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首页 » 英文名人传记 » Life of Robert Stevenson » CHAPTER XI. WOLF ROCK LIGHTHOUSE.
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About the year 1812, Mr. Stevenson having, as adviser of the Commissioners of Northern Lighthouses, attained the position of being the most eminent Lighthouse Engineer of his day, was requested by the Admiralty to report on the practicability of erecting a lighthouse on the Wolf Rock, lying about eight miles off the Land’s End in Cornwall.

I give, from Mr. Stevenson’s “Journal,” the following curious account of the first visit he made to the rock; and it may perhaps be as well to say that all quotations made from what I have called his “Journal” are records of what he roughly noted down at the time in the form of a Diary, and are on that account perhaps all the more interesting, at least to non-professional readers.

    “14th Sept. 1813.—Waited upon Sir Robert Calder, Admiral of the port of Plymouth, on the 13th, in consequence of letters from Lord Melville relative to a vessel to carry me to the Wolf Rock.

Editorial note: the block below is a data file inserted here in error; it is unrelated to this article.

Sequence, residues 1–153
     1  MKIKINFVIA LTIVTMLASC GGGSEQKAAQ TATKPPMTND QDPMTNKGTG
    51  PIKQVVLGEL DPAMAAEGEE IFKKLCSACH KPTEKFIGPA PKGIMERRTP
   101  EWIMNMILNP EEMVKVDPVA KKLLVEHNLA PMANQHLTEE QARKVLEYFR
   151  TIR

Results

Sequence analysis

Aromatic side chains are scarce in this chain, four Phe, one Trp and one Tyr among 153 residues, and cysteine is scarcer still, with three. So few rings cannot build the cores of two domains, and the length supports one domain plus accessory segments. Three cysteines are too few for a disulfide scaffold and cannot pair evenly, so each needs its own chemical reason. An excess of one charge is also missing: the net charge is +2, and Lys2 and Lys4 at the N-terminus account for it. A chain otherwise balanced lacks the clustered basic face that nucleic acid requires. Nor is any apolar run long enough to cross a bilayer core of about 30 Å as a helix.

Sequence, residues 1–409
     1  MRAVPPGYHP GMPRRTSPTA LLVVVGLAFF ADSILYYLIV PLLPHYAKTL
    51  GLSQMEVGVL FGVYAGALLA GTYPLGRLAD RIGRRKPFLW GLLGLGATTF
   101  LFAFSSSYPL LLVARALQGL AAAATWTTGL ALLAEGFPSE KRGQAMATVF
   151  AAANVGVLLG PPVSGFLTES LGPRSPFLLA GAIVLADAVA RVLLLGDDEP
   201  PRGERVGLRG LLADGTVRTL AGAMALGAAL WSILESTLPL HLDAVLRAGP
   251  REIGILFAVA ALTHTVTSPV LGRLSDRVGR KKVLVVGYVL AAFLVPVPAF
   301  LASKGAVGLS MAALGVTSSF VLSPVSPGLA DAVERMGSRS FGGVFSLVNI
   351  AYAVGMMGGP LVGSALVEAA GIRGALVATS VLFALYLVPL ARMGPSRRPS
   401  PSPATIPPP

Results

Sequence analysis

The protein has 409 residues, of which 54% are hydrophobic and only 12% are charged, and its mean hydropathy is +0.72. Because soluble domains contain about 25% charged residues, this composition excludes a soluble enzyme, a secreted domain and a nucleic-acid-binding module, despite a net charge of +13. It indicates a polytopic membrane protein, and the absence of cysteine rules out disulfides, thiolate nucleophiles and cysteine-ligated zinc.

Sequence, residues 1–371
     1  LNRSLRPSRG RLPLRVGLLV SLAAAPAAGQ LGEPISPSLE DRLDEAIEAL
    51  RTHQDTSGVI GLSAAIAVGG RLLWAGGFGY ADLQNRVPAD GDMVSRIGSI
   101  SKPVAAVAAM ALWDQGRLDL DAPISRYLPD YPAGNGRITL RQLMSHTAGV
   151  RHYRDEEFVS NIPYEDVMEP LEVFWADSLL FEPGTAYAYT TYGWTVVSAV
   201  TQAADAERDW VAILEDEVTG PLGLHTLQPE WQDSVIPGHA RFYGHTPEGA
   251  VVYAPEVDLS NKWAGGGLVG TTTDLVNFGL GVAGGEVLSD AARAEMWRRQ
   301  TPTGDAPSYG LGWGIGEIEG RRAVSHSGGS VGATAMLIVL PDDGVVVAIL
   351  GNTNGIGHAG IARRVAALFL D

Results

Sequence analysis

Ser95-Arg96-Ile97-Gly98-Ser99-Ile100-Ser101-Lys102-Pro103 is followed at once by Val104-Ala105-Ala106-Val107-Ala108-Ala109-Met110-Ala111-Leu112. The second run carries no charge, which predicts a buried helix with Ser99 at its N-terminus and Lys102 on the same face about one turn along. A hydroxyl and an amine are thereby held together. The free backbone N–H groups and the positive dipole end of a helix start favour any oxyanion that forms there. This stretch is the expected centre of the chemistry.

“The Admiral accordingly appointed the ‘Orestes,’ Captain Smith, to proceed with me to the Wolf, and after landing me there, and having made my observations, Captain Smith was directed to land me at any port most convenient for me, according to the state of the weather. Captain Smith, in consequence of this order, and169 to suit my convenience, got the ‘Orestes’ in readiness two days sooner than he otherwise intended, and I embarked on the 14th at 2 P.M. agreeably to appointment.

    “The Captain took me by the hand and welcomed me on board His Majesty’s ship, and introduced me to his first lieutenant, Mr. Fallick. He then proceeded to give orders for casting off, which was done in an instant after the word was given. The ‘Orestes’ is properly a gun brig, but rigged as a ship, has 28 guns and 100 men. Kept plying to windward, and in the evening had the Eddystone light in view, still upon our lee quarter, distant eight or ten miles.